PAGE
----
Whilst it doesn't affect students ahead of Semester 1 exams, we do have guidance on how to prepare during Ramadan.

Your exam environment

Find as comfortable and quiet a space as possible in which to complete your exam. If you have any long window (1a) exams, consider when would be the best time for you to undertake the exam within the 23 hour period allocated. The online exams will be ‘open book’ but otherwise will be as consistent as possible with a ‘normal’ exam and therefore you should prepare largely as normal.

All our study spaces on campus will be open for both revision and taking your exams online if you wish to access them. Some of these spaces can be booked in advance. Full details of how to do this will be available in January.

Your computer and technical setup

All students will need to use a computer to access their examination paper. For the majority of assessments, you will only need an internet connection to download and then later upload your work within the appropriate time window. If you are taking a test, quiz or multiple choice exam through Learn, you will need a connection throughout the duration of the test. If your connection fails, the system will have saved the last response which you submitted so you should be able to pick up where you left off within the duration of your test attempt.

You will not need access to a printer or dedicated scanner. Where answers are handwritten, they can be photographed or scanned with devices such as a mobile phone. Further details are available on the Preparing your answers for submission page.

If you need help setting up your computer for your assessments, please review the Working from Home advice on the IT Services Website If you need technical advice, you should contact IT Services directly for support. If you do not have access to a computer or internet access to study remotely and/or to complete your assessments online, please contact  as soon as possible to speak to an adviser in the Student Advice and Support Service.

Use the practice module on Learn

We have made a practice module available through Learn which replicates how you will interact with your exams during the actual examination session - linked below. Once enrolled you will be given instructions on what to do next. The module is available now.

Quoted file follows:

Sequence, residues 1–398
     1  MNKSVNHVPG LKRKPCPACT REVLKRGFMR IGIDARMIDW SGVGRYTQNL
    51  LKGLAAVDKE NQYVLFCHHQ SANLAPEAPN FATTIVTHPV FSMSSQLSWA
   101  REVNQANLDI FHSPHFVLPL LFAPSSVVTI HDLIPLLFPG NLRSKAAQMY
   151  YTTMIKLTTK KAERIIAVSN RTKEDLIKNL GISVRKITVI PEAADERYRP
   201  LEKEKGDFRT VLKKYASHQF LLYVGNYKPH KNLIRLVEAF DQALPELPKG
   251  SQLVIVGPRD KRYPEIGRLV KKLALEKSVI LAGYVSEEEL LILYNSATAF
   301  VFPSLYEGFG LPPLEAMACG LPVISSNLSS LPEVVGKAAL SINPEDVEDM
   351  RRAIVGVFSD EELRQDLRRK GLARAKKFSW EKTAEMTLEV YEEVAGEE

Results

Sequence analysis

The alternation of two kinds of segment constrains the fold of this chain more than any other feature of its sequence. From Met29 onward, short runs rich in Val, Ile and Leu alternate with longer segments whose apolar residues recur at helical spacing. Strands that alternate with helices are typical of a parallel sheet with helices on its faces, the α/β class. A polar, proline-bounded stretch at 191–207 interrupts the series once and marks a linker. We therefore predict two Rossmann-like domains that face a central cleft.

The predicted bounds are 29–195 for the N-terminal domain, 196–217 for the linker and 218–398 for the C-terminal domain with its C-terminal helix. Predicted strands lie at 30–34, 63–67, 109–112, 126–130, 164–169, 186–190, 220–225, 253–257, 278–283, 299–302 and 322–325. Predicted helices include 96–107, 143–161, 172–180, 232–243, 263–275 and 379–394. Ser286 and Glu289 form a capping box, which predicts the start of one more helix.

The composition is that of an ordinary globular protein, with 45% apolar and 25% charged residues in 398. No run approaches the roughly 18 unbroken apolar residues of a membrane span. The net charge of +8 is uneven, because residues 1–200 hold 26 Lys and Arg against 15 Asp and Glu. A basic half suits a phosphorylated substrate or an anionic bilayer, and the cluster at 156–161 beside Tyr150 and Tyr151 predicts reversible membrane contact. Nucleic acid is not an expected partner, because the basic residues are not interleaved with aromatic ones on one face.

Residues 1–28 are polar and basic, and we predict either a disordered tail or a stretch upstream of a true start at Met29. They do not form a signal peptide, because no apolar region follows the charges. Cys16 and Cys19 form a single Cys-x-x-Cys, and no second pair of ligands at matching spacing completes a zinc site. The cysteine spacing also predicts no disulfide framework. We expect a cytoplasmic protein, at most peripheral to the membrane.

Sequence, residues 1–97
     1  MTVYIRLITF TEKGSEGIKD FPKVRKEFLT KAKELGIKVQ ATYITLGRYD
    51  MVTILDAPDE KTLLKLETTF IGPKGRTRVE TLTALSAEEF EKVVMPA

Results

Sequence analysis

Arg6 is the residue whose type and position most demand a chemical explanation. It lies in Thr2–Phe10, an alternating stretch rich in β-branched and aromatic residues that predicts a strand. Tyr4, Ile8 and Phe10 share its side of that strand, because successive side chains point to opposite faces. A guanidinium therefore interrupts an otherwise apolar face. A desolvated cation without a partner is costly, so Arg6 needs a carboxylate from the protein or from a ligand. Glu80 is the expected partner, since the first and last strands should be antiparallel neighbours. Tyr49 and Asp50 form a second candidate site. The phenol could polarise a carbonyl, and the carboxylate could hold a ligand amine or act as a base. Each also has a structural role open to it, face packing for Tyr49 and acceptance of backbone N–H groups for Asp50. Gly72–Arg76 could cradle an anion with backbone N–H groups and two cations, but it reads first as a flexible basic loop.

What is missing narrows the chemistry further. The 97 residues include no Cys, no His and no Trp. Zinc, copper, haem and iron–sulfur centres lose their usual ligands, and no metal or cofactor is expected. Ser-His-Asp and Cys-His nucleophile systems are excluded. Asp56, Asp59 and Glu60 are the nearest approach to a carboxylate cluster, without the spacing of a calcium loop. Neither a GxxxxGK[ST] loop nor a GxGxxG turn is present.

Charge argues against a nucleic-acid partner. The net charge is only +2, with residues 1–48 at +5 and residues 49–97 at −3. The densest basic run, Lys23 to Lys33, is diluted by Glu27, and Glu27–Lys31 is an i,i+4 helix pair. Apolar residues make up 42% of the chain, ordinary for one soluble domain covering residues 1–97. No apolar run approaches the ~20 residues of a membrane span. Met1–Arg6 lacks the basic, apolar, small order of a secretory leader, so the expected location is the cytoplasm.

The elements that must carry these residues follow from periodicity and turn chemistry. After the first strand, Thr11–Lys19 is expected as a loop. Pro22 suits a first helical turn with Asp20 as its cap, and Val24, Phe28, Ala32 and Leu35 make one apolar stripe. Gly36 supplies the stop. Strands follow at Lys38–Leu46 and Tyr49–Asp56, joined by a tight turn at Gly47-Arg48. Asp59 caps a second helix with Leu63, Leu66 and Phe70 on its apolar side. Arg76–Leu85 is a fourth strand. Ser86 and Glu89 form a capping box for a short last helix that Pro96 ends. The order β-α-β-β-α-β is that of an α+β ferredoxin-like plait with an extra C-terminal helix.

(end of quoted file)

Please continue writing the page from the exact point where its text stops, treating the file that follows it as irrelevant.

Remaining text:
You can access the practice module as many times as you like and we strongly recommend that you do so at least once in order that you can familiarise yourself with the process of downloading and uploading documents. You should also practice combining a variety of file types (hand written scanned/photos and computer files) before your exam to avoid problems at the time of submission/deadline.

If you have any queries please contact

Practice module on Learn

Conduct during online exams

The online exams are 'open book'. This means that during the exam:

  • You may, but are not expected to, consult teaching materials, on-line library resources, academic papers, books, book chapters, dictionaries and/or internet information etc. to inform your answers, unless any additional materials have been specifically provided to you for the exam.
  • You may use any calculator (not just those on the University’s approved list).
  • You may, but are not expected to, use relevant computational/algebraic software packages. Exam questions will not normally require their use and it is possible that spending time doing so will be detrimental to your performance. Marks are generally awarded when full working and appropriate explanations are provided as answers. If you choose to use a computational software package, and only give the final answer, it is likely you will get a low mark for that part of the question.

Other than the points above, normal expectations around academic integrity, exam conduct and cheating remain unchanged.

  • Your answers must be entirely your own work. You must not use answers/content provided wholly or in part by others/other sources.
  • You must not share any information or discuss how to interpret or do the questions with anyone else whilst you or they are still taking the exam.

The University has a number of measures in place to ensure students cannot cheat in assessments, including in online exams, and any attempts to do so and/or gain an unfair advantage will be taken very seriously.

Academic Misconduct: Plagiarism and Cheating